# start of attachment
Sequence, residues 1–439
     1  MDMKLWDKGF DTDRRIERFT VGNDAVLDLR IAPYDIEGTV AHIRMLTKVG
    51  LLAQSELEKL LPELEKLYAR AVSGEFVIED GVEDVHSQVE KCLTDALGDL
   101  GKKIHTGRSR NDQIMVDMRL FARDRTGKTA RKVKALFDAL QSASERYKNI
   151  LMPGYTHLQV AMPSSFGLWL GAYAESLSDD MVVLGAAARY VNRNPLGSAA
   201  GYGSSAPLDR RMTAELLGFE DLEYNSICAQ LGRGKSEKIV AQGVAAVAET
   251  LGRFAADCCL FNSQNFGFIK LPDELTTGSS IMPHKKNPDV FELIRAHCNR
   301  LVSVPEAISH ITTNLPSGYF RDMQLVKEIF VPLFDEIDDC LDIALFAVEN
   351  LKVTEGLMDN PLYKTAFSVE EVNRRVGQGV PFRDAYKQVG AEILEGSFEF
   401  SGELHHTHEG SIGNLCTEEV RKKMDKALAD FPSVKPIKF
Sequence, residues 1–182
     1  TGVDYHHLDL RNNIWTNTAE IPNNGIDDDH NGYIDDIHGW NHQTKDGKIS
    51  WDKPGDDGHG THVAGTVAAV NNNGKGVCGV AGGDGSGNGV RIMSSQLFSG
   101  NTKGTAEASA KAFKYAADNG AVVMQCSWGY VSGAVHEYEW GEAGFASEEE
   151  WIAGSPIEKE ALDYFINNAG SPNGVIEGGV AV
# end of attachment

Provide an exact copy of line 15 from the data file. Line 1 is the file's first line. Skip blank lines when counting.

   151  WIAGSPIEKE ALDYFINNAG SPNGVIEGGV AV